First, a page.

The Suzuka 8 Hours Endurance Road Race (Suzuka 8 Hours) will be held on July 21 (Sun). A Honda win this year would extend its record to 30 victories.

Looking back at Honda’s winning records at the Suzuka 8 Hours, Tony Hutton and Mike Cole, riding a CB900, were the first Honda riders to win the event in 1979, with Honda dominating the top eight spots that year.

In 1981, Wayne Gardner made his first appearance and would later become one of Honda’s most renowned riders. He won his first Suzuka 8 Hours on an RVF750 in 1985 and paired with Mick Doohan, for one of his total four wins, in 1991. In 1997, Shinichi Ito and Tohru Ukawa became the first Japanese duo to win the event on an RVF/RC45, claiming back-to-back wins in 1998.

In 2000, Tohru Ukawa and Daijiro Kato won with the new VTR1000SPW. Valentino Rossi, Colin Edwards, and Gaku Kamada won the following year. In 2002, Daijiro Kato and Colin Edwards, riding a VTR1000SPW, achieved an unprecedented 6-stop race, one stop fewer than usual, setting a distance record of 219 laps. In 2004, Tohru Ukawa and Hitoyasu Izutsu won on a CBR1000RRW, giving Honda its tenth consecutive win (1997 to 2006).

Toru Ukawa, Honda’s leading rider, won the Suzuka 8 Hours five times, while Wayne Gardner, Shinichi Ito, Ryuichi Kiyonari, and Michael van der Mark have each won four times. Last year, Takumi Takahashi took his fifth win, tying him with Ukawa as the all-time leader. This year, all eyes are on Takahashi as he aims to become the outright Suzuka 8 Hours champion with six wins.

Although Takahashi showed little interest in competing solely to extend his record, he now says, “I think this is a rare opportunity, so I hope to break the record. Above all, my desire to win is greater than anything else, so I will take on the challenge to win.”

Last year, Honda’s factory team, Team HRC with Japan Post (Takumi Takahashi, Tetsuta Nagashima, and Xavi Vierge), rode their CBR1000RR-R FIREBLADE SP to their second consecutive Suzuka 8 Hours victory.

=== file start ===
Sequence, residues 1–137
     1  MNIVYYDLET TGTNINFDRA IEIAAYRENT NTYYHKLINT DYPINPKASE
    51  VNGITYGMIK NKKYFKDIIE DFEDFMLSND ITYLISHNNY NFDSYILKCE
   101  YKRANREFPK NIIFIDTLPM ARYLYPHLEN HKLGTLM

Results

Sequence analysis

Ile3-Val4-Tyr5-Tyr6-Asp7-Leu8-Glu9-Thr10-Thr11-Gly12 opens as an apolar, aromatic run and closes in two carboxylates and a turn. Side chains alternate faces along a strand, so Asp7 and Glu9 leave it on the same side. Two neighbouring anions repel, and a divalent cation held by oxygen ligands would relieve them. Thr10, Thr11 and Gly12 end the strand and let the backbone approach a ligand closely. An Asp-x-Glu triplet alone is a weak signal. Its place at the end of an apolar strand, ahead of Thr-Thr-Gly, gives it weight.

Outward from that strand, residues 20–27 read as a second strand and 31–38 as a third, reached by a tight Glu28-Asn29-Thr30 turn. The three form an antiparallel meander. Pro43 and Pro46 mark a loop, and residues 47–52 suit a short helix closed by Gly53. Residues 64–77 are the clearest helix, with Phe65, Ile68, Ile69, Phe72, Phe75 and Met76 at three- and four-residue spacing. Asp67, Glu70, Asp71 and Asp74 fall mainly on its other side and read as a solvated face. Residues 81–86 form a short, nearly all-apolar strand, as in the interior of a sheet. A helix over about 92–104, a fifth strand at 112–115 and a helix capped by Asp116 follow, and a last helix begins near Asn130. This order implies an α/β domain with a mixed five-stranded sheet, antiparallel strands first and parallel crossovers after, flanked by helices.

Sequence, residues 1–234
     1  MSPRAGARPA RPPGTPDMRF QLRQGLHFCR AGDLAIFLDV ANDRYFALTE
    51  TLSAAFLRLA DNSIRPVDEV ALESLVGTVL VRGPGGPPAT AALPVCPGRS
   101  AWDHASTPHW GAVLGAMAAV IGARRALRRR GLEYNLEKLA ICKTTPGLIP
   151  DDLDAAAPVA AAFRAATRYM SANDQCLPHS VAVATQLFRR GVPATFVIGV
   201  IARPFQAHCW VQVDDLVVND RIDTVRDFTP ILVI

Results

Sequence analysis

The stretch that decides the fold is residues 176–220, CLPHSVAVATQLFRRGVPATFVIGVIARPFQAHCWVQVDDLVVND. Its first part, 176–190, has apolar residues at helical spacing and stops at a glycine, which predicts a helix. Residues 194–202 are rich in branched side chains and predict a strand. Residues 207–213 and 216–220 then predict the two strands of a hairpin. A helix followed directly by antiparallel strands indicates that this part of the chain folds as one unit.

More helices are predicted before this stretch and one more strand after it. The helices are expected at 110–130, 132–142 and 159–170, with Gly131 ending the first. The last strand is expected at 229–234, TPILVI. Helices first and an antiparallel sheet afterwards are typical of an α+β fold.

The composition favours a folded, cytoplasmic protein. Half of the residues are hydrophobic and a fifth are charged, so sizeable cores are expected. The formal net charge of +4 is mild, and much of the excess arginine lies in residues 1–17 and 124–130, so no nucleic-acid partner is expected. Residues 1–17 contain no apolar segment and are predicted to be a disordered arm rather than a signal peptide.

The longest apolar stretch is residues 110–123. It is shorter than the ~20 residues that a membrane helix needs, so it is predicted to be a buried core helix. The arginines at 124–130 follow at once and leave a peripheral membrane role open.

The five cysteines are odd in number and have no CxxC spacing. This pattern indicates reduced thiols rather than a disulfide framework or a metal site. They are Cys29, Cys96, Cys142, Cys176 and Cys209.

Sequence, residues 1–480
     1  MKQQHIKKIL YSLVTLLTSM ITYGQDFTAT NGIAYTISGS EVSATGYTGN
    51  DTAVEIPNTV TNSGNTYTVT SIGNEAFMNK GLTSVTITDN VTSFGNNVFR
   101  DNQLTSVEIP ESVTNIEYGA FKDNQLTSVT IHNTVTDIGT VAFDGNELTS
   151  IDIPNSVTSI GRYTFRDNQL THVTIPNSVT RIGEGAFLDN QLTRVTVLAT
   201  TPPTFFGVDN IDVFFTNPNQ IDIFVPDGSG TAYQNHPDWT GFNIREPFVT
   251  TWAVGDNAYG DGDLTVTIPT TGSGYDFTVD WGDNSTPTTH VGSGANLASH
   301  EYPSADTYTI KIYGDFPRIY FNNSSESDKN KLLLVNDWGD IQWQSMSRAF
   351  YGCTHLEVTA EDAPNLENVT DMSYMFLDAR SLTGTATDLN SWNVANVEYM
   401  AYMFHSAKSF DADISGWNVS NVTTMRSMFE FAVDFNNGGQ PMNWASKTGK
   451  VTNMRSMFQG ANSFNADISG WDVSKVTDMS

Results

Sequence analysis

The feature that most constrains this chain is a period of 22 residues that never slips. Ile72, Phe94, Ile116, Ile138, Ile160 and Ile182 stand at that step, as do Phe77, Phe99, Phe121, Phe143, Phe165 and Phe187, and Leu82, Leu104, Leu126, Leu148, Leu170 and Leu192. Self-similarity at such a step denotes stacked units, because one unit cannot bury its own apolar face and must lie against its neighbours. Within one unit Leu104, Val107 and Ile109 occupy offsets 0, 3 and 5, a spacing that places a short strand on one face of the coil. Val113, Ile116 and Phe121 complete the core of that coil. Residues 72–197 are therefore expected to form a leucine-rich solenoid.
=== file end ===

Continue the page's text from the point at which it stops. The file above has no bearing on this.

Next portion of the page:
In 2024, Team HRC with Japan Post will be represented by Takumi Takahashi, Teppei Nagoe, Johann Zarco, and Kohta Arakawa. Takahashi, Nagoe, and Arakawa participated in the first test held in early June. As the team’s lead rider, Takahashi led Nagoe and Arakawa through their first test session as factory riders, completing the test items.

Due to the postponement of the MotoGP Kazakhstan Grand Prix, MotoGP rider Zarco was able to join the team. Arakawa will act as the reserve rider, and the race riders have been officially confirmed.

Zarco commented, “I have always wanted to compete in endurance races, such as the 24 Hours of Le Mans or the Suzuka 8 Hours. However, I thought that I could only race after finishing my MotoGP career due to scheduling difficulties. But this year, the MotoGP schedule changed, giving me more time, so I will be able to compete.

For the Frenchman, 24-hour endurance races such as Le Mans and Bol d’Or are very familiar. The Suzuka 8 Hours piqued his interest when top riders like Valentino Rossi and Casey Stoner competed.

Zarco joined the team from the second test, guided by Takahashi and Nagoe on his first long run at the Suzuka Circuit. With many HRC staff having MotoGP experience, Zarco felt relieved knowing some of the mechanics. He said, “I have no problem communicating with the staff, and I was able to learn from Takahashi, who has a lot of Suzuka 8 Hours experience.”

Takahashi said, “This was the first time I met Zarco. I thought he might be a bit aggressive, and part of me wondered if it would go well, but in person, he was very friendly. Seeing him walking around the track on the day he arrived in Suzuka, I felt he was sincere in his approach. Since I was able to ride well in the first test, I wanted Zarco to get used to the track and the bike, so I didn’t do much riding myself, and let Zarco use the time for his runs. Nagoe also did well on the long runs, so I think we had a good second test.”

Nagoe commented, “This will be my first Suzuka 8 Hours with a factory team, which I have always wanted to be a part of. I have been nervous ever since I knew I would be racing, but I will do my best to fulfill my role. In the end, I want to make sure that everyone is happy that I am a part of this team.”

Zarco said, “I’m coming back to Suzuka after completing my MotoGP races.” This year, the bike number is 30, signifying Honda’s goal of winning the event for the 30th time.

The Suzuka 8 Hours is the third of four rounds in the FIM Endurance World Championship (EWC). Following Round 1, the 24 Hours of Le Mans and Round 2, the 8 Hours of Spa Motos, the Suzuka 8 Hours will precede the final round, the Bol d’Or 24 hours race.